An industrial dispute in Britain's universities has shown that we work more than our working contracts stipulate - often at levels that breach the government's own limits - and this is disrupting our home lives.
40,000 researchers, lecturers and other university staff are enmeshed in a dispute over their pensions.
Members of the University and College Union (UCU), which represents employees at 67 of the older universities, have been keeping to their contracted hours since 10 October. To reiterate: these workers are working only the hours stipulated in their contract.
The legal working limit set by the government is 48 hours a week. Workers are free to work longer hours but have to stipulate in writing that they are opting out of this working-time limit.
Sticking to their contracted hours shows that many of these workers had been regularly working more than the legal limit just to keep up.
Kathy Romer, an astrophysics lecturer at the University of Sussex, was working around 55 hours a week before the dispute began, and regularly worked at weekends.
Now, she says: "I am able to take my kids out on Saturday without having to worry about work. I don't feel like I am drowning, and feel in control of my life for the first time in a while."
Sally Hunt, UCU's general secretary, said: "This is clear evidence that the sector has been relying on the goodwill of our members, and getting away with doing so for too long."
But is it likely that overwork is limited to workers of the UCU? Absolutely not.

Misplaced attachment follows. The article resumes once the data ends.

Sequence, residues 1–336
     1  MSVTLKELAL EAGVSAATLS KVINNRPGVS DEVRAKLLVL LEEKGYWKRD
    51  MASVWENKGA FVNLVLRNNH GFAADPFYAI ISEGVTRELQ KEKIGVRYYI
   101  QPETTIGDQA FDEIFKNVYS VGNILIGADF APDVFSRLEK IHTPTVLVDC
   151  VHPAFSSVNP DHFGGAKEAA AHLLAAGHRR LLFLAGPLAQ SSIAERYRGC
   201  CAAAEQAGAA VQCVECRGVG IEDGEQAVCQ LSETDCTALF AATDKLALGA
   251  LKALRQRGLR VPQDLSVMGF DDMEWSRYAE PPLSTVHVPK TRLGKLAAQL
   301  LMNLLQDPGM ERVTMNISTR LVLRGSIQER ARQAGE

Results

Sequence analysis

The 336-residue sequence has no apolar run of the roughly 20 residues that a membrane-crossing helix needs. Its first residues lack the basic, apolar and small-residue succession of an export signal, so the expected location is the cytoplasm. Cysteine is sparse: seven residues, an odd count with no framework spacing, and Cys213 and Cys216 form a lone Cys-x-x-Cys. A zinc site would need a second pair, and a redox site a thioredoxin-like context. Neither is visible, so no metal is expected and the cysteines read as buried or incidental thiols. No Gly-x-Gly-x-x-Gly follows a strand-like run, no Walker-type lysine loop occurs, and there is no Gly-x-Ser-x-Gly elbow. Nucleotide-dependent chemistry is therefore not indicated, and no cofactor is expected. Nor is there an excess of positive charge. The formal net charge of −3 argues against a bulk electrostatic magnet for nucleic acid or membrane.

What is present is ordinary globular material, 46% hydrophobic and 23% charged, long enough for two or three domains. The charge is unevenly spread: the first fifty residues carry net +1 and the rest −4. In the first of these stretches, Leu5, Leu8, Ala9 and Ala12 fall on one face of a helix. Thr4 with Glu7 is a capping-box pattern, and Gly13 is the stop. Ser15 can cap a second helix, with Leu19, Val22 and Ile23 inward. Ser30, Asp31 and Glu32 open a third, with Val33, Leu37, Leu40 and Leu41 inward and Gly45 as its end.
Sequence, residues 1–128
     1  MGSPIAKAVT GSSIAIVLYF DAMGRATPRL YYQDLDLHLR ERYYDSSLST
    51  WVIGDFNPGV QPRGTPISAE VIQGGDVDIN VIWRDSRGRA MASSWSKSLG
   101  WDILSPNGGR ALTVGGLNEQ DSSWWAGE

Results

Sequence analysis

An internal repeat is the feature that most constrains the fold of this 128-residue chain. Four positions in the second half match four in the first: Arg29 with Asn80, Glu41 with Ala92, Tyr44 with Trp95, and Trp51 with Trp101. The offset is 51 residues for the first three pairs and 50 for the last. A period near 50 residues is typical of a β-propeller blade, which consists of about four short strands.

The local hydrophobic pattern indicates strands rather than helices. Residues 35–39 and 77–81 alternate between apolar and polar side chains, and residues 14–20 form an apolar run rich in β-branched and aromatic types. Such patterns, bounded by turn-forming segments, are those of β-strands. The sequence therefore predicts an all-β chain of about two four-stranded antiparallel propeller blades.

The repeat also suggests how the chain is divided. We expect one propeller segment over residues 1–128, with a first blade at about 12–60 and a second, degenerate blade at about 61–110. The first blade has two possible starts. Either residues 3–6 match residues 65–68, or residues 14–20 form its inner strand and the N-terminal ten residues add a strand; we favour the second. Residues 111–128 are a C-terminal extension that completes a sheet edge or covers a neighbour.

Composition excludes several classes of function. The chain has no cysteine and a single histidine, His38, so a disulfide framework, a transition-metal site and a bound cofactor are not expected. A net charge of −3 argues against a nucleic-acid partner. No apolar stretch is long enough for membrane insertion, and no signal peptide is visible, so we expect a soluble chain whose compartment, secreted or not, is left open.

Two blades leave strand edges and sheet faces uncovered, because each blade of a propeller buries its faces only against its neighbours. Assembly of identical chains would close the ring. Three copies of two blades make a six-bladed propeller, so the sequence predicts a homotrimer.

Workers today are expected to work harder and longer, and those with families suffer the most. British parents feel guilty about the time they spend away from their kids, and often buy them presents in lieu of time spent with them, according to research from UNICEF.
Sticking to their contracted hours shows that employers do not adequately estimate the length of time it takes employees to do their job. It is now an unwritten rule that the working hours in a contract are a fiction.
As the economy takes another wobble, is it right that employees take up the slack for employers to keep them afloat? It may well be. But when times are good, is the benefit reciprocal: can employees work less? I don't think so.
Juggling a family with the pressures of work is one of the hardest things to get right, and many employees are making sacrifices that mean family life across Britain is suffering.
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